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A circular economy (CE) is an economic system that is restorative by design. It is a system in which material flows, defined as consisting of biological and “technical” nutrients (both inorganic and synthetic), are designed to continue circulating at high quality, to re-enter the biosphere safely, or both, thereby delivering value against the least amount of energy and physical resources. The concept of the CE rests on three key principles: (a) to preserve and enhance natural capital by controlling finite stocks and balancing renewable resource flows; (b) to optimize resource yields by circulating products, components, and materials at the highest utility at all times; and (c) to foster system effectiveness by designing out negative externalities. Implicit within this is the use of renewable energy, as well as using energy in the most productive way. As such the CE has huge potential for reducing carbon emissions.
Studies, particularly those of the EU, point towards significant benefits from shifting to a CE and away from current development models, which are highly resource intensive and dependent. The benefits of a CE for developoing countries may be even greater, given their projected growth. Policy measures to enable, advance and guide the transition to a CE either address barriers by fixing market and regulatory failures, or aim to stimulate market activity. The 6 most common CE policies are: 1. public procurement policy; 2. creating collaboration platforms; 3. providing technical support to businesses; 4. fiscal policy; 5. education, information and awareness; and 6. regulatory frameworks, especially for materials.
In recent years, the CE has risen from an interesting idea to a concept that is widely studied, embraced by dozens of major corporations, and increasingly incorporated into the legislative and policy frameworks of many countries. This emergence requires major shifts in production and consumption which creates winners and losers. As such the transition to a CE is politically contested.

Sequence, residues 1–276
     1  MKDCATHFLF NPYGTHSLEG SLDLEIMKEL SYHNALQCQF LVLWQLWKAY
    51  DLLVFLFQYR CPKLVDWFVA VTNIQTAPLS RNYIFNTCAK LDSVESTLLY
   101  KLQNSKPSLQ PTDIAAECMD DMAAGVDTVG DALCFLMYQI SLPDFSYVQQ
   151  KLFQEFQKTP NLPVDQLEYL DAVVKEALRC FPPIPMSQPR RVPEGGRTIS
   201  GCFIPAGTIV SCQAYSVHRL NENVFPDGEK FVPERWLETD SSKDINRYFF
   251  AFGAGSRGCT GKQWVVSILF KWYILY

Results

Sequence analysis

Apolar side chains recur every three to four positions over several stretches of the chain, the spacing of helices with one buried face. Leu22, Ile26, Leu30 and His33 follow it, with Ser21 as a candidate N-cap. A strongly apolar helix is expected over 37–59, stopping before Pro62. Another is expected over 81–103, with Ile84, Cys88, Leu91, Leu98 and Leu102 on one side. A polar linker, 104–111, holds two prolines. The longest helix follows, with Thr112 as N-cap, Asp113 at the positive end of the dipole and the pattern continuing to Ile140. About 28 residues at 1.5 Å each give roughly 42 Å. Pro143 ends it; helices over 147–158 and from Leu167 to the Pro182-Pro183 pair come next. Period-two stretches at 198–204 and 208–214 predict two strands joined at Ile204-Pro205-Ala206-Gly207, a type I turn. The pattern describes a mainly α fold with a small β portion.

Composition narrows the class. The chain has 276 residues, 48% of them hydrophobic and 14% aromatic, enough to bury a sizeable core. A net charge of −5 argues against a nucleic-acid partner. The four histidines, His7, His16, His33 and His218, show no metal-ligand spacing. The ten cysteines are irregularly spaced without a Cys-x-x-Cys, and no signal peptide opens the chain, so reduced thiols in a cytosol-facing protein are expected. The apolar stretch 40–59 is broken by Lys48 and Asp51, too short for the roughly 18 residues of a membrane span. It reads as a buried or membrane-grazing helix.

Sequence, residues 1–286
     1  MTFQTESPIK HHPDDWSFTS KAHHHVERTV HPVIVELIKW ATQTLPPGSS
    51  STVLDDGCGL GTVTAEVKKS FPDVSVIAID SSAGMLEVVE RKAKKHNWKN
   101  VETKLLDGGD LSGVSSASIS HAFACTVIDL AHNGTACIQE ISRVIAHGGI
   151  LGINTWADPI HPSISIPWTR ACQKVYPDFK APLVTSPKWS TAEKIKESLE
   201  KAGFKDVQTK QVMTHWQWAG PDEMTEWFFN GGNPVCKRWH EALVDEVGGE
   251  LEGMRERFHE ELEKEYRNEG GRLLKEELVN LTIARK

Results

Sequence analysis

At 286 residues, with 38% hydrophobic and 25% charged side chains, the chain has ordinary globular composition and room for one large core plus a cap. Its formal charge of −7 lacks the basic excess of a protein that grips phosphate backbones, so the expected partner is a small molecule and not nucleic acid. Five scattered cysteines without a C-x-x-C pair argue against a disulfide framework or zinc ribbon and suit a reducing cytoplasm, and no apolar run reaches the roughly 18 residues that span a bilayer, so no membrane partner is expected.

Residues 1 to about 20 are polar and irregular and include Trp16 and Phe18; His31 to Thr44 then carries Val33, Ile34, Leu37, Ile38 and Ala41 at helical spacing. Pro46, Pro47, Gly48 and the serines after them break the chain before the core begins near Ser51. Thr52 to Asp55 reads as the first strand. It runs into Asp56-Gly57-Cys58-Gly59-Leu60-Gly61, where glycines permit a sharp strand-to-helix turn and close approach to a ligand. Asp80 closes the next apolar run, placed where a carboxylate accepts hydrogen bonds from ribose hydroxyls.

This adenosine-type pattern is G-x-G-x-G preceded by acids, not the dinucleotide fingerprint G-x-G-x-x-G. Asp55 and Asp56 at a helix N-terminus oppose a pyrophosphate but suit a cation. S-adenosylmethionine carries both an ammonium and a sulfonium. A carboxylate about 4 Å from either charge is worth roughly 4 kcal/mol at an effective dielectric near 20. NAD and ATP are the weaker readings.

While new jobs and opportunities are created in many sectors of the economy during the transition to a CE, economic activity and employment also shrink in a few sectors. The sectors especially vulnerable are those tied to the current “linear” pattern of resource consumption, such as resource extraction, and manufacture and sale of products with low durability or those designed for rapid obsolescence. That said, commercial, political and ideological alliances, the capacity for innovation, competitive positioning, the commitment of CEOs and political leaders, the accuracy of analyses being presented, the conservatism or open-mindedness of trade associations, and other factors may lead companies or organizations which one may have assumed to be supportive of a CE to actually oppose it, or vice versa.
The term “political economy” is used in this paper to refer to the patterns of impact and behavior of the key players during the process of transitioning to a CE – i.e., who wins, who loses, who perceives themselves as on the winning or losing end (which may be different from the reality), and how they behave as a result. A better understanding of this behavior and its potential implications may help those who wish to accelerate the CE transition.
This paper discusses in brief:
The intention is to provide the reader with an introductory understanding of the political economy of the circular economy, and to highlight how to realize the potential of the CE. We conclude:
In light of these conclusions we recommend the following: